The category is largely made up of things like potato chips and desserts. However, a new study reports nearly half of foods labeled as low in or free of those ingredients qualify as hyper-palatable.
You can fall under the spell even if you're packaged-food averse. Healthy whole foods, like salmon and sweet potatoes, can become hyper-palatable if you over-salt or over-oil them.
Your body regulates consumption in part via sensory-specific satiety (SSS). It’s a process in which food becomes less pleasant the more bites you take so you don't overeat, explains lead study author Tera Fazzino, Ph.D., assistant professor of psychology at the University of Kansas in Lawrence.
The predominant ingredients in hyper-palatable foods trigger a weaker SSS response, she explains. And it only takes a pair of them—say, fat and sugar or carbs and salt—to activate your brain’s reward system.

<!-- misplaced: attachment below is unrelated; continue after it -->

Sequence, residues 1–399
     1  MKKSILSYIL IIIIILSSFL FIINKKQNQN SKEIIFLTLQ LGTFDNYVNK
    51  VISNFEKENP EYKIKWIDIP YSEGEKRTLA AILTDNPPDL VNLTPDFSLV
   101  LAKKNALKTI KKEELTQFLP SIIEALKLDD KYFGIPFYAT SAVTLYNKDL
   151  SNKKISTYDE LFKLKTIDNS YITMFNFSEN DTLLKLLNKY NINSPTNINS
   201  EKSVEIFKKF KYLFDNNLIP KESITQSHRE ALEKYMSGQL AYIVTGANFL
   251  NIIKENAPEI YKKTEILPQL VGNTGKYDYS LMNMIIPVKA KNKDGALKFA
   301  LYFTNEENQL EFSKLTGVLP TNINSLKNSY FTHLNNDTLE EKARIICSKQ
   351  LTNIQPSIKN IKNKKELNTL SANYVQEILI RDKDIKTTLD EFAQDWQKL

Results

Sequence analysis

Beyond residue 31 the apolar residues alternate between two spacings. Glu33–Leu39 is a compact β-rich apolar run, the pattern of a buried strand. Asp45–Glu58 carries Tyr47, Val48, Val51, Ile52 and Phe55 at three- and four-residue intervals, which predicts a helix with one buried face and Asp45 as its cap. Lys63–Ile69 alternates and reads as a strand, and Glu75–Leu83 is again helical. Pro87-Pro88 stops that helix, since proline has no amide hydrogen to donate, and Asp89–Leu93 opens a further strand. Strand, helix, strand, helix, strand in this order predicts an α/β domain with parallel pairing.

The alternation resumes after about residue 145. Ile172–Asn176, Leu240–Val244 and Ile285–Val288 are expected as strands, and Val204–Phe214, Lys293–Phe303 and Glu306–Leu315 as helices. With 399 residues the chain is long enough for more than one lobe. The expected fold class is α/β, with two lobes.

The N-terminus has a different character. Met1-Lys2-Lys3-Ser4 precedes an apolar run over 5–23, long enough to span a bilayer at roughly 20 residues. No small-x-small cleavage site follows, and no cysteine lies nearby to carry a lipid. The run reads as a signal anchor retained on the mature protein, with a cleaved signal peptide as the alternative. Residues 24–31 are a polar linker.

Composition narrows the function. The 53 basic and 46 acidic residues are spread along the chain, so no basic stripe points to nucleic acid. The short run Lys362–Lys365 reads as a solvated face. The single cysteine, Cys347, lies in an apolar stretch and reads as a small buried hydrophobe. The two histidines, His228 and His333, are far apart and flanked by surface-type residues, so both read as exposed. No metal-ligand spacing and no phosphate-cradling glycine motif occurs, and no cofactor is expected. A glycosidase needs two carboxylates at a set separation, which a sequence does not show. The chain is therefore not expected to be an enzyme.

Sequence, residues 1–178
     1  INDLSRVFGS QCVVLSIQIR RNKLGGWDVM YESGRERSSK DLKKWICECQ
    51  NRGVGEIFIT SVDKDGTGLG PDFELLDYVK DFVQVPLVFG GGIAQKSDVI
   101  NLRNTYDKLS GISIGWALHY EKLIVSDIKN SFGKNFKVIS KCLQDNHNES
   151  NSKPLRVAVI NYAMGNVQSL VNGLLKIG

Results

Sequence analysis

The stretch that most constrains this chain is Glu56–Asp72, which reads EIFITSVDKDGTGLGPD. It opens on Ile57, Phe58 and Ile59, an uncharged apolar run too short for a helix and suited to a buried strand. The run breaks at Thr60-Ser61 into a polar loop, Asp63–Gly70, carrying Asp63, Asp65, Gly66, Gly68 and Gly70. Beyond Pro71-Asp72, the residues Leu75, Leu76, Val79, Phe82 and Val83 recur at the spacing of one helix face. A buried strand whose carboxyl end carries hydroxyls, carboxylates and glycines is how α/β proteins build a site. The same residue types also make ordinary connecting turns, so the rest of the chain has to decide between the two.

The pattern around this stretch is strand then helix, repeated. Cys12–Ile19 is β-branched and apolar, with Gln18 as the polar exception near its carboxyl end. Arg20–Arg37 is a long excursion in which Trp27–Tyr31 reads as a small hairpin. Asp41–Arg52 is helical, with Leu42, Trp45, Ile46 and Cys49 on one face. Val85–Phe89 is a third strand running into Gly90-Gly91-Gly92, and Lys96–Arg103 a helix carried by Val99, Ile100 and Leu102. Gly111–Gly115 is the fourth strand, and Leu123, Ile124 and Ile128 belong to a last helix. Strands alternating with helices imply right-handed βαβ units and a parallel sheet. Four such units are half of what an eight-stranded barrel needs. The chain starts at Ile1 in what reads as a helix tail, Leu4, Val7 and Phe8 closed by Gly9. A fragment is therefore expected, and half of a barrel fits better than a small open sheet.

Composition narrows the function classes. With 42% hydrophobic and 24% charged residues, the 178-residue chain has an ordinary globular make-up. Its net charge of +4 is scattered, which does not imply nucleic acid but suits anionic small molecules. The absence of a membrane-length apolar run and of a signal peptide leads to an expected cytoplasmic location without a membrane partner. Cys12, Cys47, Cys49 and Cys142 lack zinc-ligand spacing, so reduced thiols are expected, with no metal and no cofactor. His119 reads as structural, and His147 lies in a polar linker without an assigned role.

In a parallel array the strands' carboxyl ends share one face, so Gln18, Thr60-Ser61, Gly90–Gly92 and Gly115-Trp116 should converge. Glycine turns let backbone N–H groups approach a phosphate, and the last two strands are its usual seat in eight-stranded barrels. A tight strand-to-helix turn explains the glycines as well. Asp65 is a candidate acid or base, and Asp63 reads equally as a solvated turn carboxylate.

Together, these two effects explain why it can be hard to stop indulging once you start. But Fazzino and her team found that even foods marketed as healthy versions of highly craved items, such as baked chips and low-fat cookies, have enough of the offending ingredients to qualify as hyper-palatable.
The bottom line:
Eat foods straight from the earth whenever possible and avoid heavily salting or oiling those that are naturally fatty or carb-heavy. When buying pre-packaged products, opt for ones with minimal added ingredients.
Photo: Jarren Vink / Art Partner Licensing